Friday 9 August. It is strange, but ALL the major art galleries in Osaka are closed. The National Museum of Art is closed until 27 August; the Nakanoshima Kosetsu Museum of Art is closed until October 12; and the Osaka City Museum of Fine Arts has been closed for a month (but opened again on the 10 August). WTF?
I mention this because we had been looking, of course, but I happened to end up at the Museum of Fine Arts simply because I was on way way to somewhere else. It’s in Tennoji Park which is right next door to my intended destination, Shin-Sekai.
There was an exhibition running in the basement, which seemed to be work derived from schools and/or colleges. I say “seemed” because I’m not sure: even though I have the guide here in my hands there’s nary a word of English (which is fair enough). But there seem to be a lot of education-oriented adverts on it, and the exhibition itself was packed with teenagers.
There was lots and lots of work—about six huge rooms worth—but even so you could see there were definite themes and recurring motifs which suggested curriculum-guided topics: dinosaurs, lanterns, technology, portraits. Lots of bright colours, mild psychedelia, strong anthropomorphism, hundreds of moody women doing magic or having magic swirling around them. A strong Manga influence. Pungently Japanese:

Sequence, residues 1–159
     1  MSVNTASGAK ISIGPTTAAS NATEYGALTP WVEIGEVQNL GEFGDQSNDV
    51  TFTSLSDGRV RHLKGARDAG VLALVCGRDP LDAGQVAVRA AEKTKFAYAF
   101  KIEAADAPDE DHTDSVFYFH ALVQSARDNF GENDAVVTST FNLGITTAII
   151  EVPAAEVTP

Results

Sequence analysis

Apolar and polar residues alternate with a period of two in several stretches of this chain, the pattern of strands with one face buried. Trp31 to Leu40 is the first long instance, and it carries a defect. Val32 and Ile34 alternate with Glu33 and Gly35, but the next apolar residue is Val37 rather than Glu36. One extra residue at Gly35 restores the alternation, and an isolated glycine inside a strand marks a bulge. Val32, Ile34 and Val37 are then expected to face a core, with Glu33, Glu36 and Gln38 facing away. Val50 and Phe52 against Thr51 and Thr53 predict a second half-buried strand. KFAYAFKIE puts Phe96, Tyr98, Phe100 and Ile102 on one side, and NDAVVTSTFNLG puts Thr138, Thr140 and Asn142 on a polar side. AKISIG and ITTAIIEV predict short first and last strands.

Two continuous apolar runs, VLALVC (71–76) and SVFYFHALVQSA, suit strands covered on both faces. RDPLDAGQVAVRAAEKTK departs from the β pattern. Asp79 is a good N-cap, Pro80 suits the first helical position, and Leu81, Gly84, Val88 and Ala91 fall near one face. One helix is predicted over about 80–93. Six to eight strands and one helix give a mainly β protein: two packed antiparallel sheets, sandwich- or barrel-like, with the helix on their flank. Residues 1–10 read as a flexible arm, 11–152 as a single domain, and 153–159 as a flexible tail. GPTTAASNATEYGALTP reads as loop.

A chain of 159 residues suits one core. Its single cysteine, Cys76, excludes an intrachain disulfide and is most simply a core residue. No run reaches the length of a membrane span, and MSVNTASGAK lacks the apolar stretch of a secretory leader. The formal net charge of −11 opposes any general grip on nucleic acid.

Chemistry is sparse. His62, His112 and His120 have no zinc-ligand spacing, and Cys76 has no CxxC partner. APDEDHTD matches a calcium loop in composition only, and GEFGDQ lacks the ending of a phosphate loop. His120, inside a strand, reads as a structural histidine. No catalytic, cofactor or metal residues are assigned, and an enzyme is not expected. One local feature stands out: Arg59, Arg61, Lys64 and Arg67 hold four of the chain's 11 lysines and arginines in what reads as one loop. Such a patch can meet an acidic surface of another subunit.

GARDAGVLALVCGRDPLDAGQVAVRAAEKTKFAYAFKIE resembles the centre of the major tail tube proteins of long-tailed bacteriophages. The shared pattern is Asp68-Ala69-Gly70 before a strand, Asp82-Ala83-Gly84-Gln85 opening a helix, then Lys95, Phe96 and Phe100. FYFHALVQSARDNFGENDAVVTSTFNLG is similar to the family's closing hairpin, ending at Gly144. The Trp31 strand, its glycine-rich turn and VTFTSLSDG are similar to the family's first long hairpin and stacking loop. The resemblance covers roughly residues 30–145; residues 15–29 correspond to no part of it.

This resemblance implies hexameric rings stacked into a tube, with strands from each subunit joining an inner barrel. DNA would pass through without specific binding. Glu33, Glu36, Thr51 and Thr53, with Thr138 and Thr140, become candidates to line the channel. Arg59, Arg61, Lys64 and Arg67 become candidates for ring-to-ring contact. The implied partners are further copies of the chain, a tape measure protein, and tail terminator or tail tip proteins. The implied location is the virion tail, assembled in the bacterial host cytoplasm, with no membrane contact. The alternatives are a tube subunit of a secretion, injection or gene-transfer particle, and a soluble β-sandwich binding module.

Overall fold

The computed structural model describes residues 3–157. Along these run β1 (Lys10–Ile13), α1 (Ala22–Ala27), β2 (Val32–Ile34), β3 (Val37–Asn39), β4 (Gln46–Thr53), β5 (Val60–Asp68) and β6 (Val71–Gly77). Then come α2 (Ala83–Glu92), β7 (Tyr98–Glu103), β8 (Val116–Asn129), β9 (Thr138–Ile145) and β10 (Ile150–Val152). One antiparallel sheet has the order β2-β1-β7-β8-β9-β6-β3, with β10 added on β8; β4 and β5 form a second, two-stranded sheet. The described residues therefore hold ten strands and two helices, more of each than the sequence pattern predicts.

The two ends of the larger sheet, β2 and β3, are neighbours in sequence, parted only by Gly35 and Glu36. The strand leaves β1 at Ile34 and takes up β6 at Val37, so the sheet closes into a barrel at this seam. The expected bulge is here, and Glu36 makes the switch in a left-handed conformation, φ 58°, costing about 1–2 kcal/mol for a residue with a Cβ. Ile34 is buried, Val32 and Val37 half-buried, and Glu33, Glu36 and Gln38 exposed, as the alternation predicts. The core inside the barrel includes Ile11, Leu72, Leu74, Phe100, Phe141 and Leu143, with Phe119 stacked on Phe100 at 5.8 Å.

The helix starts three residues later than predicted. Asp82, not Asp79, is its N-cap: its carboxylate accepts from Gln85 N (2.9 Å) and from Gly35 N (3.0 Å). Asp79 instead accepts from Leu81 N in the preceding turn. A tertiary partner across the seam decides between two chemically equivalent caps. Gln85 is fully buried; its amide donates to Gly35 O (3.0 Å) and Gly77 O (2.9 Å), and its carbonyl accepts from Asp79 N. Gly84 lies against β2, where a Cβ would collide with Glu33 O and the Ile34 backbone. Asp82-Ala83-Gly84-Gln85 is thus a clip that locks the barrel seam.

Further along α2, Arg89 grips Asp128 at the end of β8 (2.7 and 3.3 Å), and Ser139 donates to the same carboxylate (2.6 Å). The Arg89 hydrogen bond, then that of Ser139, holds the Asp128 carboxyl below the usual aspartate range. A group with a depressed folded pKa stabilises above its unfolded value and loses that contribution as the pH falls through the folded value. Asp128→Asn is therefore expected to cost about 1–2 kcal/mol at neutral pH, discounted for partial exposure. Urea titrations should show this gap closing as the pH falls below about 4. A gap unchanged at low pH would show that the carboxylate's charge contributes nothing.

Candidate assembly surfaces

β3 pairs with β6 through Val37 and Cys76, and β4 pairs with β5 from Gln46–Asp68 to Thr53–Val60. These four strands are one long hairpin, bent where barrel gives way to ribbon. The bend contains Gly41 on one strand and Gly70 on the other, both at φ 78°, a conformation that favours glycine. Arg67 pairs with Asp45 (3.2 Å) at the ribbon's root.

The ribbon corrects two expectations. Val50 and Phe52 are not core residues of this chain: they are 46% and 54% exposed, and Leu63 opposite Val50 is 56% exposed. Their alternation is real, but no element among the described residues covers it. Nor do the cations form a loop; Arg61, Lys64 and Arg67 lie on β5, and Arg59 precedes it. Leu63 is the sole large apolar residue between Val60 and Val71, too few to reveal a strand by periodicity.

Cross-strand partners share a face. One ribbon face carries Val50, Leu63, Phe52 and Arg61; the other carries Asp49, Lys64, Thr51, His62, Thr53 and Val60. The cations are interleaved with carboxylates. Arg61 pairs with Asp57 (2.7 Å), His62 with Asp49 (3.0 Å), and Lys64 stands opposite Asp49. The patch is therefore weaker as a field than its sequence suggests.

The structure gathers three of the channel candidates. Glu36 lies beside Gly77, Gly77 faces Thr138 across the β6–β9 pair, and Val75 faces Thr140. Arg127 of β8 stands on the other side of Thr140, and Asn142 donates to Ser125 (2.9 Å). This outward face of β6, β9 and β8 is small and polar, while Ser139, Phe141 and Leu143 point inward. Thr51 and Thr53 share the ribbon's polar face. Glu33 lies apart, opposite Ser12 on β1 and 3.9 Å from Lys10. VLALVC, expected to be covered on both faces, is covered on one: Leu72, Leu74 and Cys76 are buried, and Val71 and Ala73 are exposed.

After that I strolled into Shin-Sekai: peak Osaka according to the guide book. A strange mixture of hyper-Japanese frontage for the tourists, but then immediately off the beaten track it all gets quite sad and run-down: the old market in particular is almost entirely shuttered up:
Onward, ever onward, towards Daikokuchō metro station. On the way: Imamiya Ebisu Shrine. Said to have been founded in 600AD it is host to a Shinto festival in January when (allegedly) around a million people visit. There was one other person there when I was, praying. I had a quiet word with myself before heading back to the hotel: